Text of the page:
15 Vintage Food Ads That’ll Make You Miss Retro Magazines
Look through vintage food ads from Kraft, French's, and others that were printed back when a loaf of bread was only a couple cents.
Kraft Dinner first hit supermarkets in 1937. The 19¢ box of macaroni & cheese proved popular during the Great Depression and is still a quick and delicious dinner for busy parents around the world. Don’t miss these vintage ads that show what travel used to look like back in the day, too.
Life Savers Candies
As shown in this 1962 ad, Life Savers was marketed as “the candy with the hole.” In 1919, Clarence Crane punched holes in the center of his mints to make them stand out from similar sweets of the time.
Peter Pan Peanut Butter
According to this 1950 ad, smooth or chunky, Peter Pan is the favorite of every kid on the block. Check out these vintage ads for cars we wish were still around today.
When women worked the factory lines at Whitman’s during World War II, they often slipped handwritten notes in the boxes sent to U.S. soldiers. Some of the notes resulted in romances and weddings!
Campbell’s Tomato Soup
This flashy fruit shows off the company’s signature red-and-white color scheme. A Campbell’s executive chose this shade after being dazzled by the deep red color of Cornell University’s football uniforms. These vintage food brands are much older than you’d think.
Dairy Queen Sundae
Dairy Queen’s ice cream is so much more than soft-serve, it’s “the cone with the curl on top!” This iconic recipe is just as popular today as it was when this 1953 ad was run. Here are more of the oldest chain restaurants in the country.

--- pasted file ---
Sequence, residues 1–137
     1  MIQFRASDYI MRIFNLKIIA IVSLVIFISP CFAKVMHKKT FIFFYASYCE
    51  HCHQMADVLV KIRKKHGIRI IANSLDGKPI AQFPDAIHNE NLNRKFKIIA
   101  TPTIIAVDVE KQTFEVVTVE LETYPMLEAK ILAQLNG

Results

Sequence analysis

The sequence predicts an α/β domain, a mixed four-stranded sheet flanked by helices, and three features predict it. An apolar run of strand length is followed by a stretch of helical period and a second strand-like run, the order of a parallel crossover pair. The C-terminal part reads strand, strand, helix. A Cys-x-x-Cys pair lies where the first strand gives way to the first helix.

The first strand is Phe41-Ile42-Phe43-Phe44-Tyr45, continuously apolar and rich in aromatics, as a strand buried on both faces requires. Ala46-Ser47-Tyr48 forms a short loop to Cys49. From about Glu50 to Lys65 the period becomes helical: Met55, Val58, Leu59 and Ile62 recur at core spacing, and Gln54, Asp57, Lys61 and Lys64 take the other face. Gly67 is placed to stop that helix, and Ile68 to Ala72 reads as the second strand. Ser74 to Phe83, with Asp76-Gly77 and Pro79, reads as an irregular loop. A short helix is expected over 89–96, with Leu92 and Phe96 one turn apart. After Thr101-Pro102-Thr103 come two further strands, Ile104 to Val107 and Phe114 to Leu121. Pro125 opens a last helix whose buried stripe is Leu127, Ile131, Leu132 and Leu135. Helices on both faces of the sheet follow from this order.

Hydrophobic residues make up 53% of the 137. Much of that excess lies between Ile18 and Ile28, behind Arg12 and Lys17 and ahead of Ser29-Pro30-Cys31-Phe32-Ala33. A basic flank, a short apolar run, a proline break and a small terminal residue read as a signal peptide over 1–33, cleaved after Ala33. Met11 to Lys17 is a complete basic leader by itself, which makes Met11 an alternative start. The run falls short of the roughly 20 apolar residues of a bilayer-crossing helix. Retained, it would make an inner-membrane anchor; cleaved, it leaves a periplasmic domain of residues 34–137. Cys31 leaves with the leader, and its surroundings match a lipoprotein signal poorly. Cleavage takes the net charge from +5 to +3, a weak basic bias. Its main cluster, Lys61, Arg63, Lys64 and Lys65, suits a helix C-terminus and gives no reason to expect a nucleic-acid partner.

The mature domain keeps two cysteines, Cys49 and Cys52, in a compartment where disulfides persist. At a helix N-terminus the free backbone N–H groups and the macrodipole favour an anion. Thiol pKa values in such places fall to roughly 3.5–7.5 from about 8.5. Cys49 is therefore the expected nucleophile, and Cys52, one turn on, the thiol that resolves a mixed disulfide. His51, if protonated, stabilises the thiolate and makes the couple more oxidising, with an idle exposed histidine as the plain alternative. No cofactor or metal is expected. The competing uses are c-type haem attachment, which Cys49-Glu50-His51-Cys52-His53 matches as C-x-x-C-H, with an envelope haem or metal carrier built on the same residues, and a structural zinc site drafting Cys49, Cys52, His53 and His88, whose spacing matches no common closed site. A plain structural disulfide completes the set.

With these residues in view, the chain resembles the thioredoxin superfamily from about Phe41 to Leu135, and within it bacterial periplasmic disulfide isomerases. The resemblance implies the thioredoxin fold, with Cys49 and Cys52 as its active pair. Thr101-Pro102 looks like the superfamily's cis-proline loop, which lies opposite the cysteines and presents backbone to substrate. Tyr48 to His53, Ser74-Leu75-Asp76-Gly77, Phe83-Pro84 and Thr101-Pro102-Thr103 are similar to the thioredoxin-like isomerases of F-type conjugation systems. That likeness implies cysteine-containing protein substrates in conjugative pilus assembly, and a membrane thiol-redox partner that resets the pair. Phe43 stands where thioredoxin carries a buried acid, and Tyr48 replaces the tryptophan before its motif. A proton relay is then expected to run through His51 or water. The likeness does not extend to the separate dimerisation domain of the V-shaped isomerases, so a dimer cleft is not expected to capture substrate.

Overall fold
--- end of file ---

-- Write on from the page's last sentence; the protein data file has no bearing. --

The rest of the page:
After launching at the 1904 Saint Louis World’s Fair as “Cream Salad Mustard,” French’s has grown to become one of the top-selling brands of mustard in the world.
Betty Crocker Devils Food Cake
Betty Crocker started selling cake mix in 1948. Since its debut, the Betty Crocker brand has expanded to offer over 25 different flavors of cake mix, plus cookie mix, muffin mix, and more. Don’t miss these vintage recipes from the ’20s worth trying today.
This Libby’s ad is aimed squarely at busy moms whose kids spend their summer days working up a thirst running from one prank to the next. The “frozen” beneath the bright red Libby’s logo is almost an afterthought—and why not? Who has time to wait for fresh-squeezed juice when there’s a baby sister to tease?
Quaker Oats Chocolate Oatmeal
By the 1970s, cold cereals were firmly established as snacks, with brands such as Chex popular for party mixes. Hot cereals like Quaker Oats struggled to compete. The solution? Every kid’s favorite flavor: chocolate. These vintage kitchen items are worth more than you’d think.
Niblets Canned Corn
Few side dishes are as easy to throw together as a can of sweet corn.
Did you know that Milky Way bars were named after malted milkshakes and not our solar system’s brilliant galaxy? These 8 vintage candies definitely deserve a comeback.
Lunch Box Sandwich Spread
This mixture of tangy relish, sweet red pepper, and spices was advertised as an easy way to upgrade any sandwich in 1596.
Log Cabin Maple Syrup
Who doesn’t love drizzling a healthy helping of maple syrup over their breakfast? Don’t miss these rare photos of what life was really like in the 1950s.
Brach’s Chocolate Cherries
While Valentine’s Day ads get more lovey-dovey each year, this one for chocolate cherries keeps it simple. Nowadays you might recognize Brach’s for their candy corn because it’s a best seller in the United States. Next, check out these vintage home trends that will take you way back.